(1) It is contended in this appeal that although the High Court passed a decree in a suit on mortgage for the recovery of the principal amount of Rs. 60,000/- together within interest and further ordered that future interest after the date of the decree should be at the rate of 4% the executing Court cannot order future interest on the ground that to do so would be to violate the proceedings of section 23 of the Bombay Money Lenders Act which prohibits the award of interest executing the principal amount. It is also contended that under the provisions of section 23 of the Money Lenders Act, the executing Court cannot pass a decree for interest exceeding the principal amount oat the date of the decree.
(2) It is not necessary to consider whether this contention has merit or not in view of the principle that it is not open to the executing Court to question the terms of the decree or in question the validity of any part of the decree. It is not open to the executing Court to say that a part of the decree violates the provisions of section 23 of the Money Lenders act and therefore should not be executed. There is authority for this view in the declaration of law made by the Supreme Court in Haji Sk. Subhan v. Mahorao : AIR1962SC1230 . Their Lordship of the Supreme Court have held that an executing Court cannot question the decree and must execute it as it stands. The learned counsel for the appellants, however, relies on this case and contends that their Lordships of the Supreme Court have, in effect, allowed the executing Court to refuse execution of the decree. Their Lordships of the Supreme Court have clearly stated that it is not open to the executing Court to go into the question of the invalidity of the decree or the question whether the decree is right or wrong. But it is open to the executing Court to consider whether a person to when possession has been awarded in accordance with he decree is not entitled to it by virtue of some provisions of some other Act. A decree may order possession, but there may be some provision in some other enactment whereby an executing Court cannot hand over possession to that man. In such a case, the executing Court does not questions the decree, but is bound by some other enactment passed by the Legislature and being so bound refuses to hand over possession. By doing so, that the decree is wrong or invalid, But while recognising its duty to execute the decree, the executing Court can say that it is also bound by the provision in the enactment whereby it should refuse to hand over possession. The learned counsel for the appellants also relies on Ramaswamy Aiyangar v. Kailasa Thevar : 2SCR292 . In their case their Lordships of the Supreme Court have clearly laid down a sunder: -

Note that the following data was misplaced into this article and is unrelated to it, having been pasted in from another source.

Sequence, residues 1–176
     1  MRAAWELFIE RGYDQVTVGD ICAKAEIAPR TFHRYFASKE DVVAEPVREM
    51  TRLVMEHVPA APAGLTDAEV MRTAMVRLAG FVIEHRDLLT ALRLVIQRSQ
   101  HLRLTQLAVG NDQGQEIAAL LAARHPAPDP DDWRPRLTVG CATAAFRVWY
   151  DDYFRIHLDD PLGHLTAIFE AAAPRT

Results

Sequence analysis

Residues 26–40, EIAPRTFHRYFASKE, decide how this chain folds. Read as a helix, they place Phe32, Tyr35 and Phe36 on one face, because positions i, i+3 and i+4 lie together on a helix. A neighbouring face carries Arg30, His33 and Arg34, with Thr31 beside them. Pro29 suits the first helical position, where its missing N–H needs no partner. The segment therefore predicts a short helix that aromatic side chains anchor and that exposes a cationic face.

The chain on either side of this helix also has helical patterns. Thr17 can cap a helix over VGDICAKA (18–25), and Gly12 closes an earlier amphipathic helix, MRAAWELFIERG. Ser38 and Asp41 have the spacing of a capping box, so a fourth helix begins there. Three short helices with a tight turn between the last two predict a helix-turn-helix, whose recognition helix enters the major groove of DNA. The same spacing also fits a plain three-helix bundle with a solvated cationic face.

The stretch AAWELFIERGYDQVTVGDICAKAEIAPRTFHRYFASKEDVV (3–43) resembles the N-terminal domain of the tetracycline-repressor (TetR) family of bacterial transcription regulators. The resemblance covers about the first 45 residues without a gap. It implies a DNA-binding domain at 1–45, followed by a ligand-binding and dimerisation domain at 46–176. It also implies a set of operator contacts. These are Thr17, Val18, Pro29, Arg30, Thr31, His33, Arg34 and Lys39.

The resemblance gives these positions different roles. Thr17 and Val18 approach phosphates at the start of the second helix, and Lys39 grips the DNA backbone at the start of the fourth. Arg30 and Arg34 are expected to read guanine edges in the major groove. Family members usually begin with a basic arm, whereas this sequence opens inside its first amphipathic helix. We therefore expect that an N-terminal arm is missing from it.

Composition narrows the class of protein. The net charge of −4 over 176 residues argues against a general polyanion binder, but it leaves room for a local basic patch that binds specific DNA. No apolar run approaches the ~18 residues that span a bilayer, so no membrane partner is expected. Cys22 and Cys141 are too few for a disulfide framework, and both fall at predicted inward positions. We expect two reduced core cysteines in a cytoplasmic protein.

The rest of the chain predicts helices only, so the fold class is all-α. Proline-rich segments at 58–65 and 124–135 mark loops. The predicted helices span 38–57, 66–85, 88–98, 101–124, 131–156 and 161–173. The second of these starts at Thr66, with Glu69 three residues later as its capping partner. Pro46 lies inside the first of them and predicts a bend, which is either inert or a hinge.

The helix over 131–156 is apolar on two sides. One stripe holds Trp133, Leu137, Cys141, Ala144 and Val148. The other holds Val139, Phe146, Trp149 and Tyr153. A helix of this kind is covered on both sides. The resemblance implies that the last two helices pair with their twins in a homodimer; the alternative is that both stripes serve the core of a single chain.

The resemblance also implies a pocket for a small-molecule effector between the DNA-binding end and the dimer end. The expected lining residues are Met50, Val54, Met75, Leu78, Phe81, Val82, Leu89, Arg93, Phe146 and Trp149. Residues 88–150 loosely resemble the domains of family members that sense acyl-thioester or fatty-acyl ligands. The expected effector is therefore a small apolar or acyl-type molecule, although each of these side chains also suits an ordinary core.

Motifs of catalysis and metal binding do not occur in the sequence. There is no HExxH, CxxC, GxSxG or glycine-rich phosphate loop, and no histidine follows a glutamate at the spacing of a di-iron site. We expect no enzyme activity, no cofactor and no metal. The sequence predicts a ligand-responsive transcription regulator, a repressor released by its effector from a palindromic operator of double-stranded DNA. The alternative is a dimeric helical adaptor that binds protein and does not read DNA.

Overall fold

'The duty of an executing Court is to give effect to the terms of the decree. It has no power to go beyond its terms. Though it has power to interpret the decree, it cannot make a new decree for the parties under the guise of interpretation'.
In para 8 of their judgment, their Lordships have clearly laid down, that the duty of the executing Court is to give effect to the terms of the decree which has already been passed. In fact, their Lordships of the Supreme Court set aside the decision of the Madras High Court on the ground that the Madras High Court was sitting as an executing Court and its duty was to give effect to the terms of the decree. The case, therefore, does not support the learned counsel for the appellants.
(3) The learned counsel; for the appellant has also relied on Bai Suraj v. Haribhai Motobhai AIR 1943 Bom 54, Meenakshi Ammal v. Chidambaram AIR 1947 Mad 341 and Katwari v. Sita Ram Tewari, ILR 43 All 547: (AIR 1921 All 118) (FB). In the Bombay case the learned Judges of the Bombay High Court were dealing with a consent decree. They observed that an executing Court can refuse to execute a consent decree on the ground that to do so would in effect be dispossessing the bhagdar of the bhag in contravention of Section 1 of the Bombay Bhagdari and Narwadari Act (5 of 1962). This is again a case like the case in : AIR1962SC1230 . The executing Court does not refuse execute a decree on the ground that the decree is invalid or incorrect, but on the ground that there is another legislation which prevents from executing the decree. In the Madras case it is observed that although an executing Court cannot go behind the decree, it will refuse to order the sale of any property where it is plain on the face of the record that its alienation is prohibited by statue or opposed to public policy. In this case as well as in the Allahabad case, the question is whether an executing Court can order a sale other property. An executing Court can order a sale of the property which is not directly decreed in the decree only if the sale is otherwise permissible under the law. These cases do not help the learned counsel for the appellants.
(4) As the executing Court cannot go beyond the decree and cannot question the validity or correctness of the decree, the appeal is dismissed. No order as to costs.
(5) Appeal dismissed.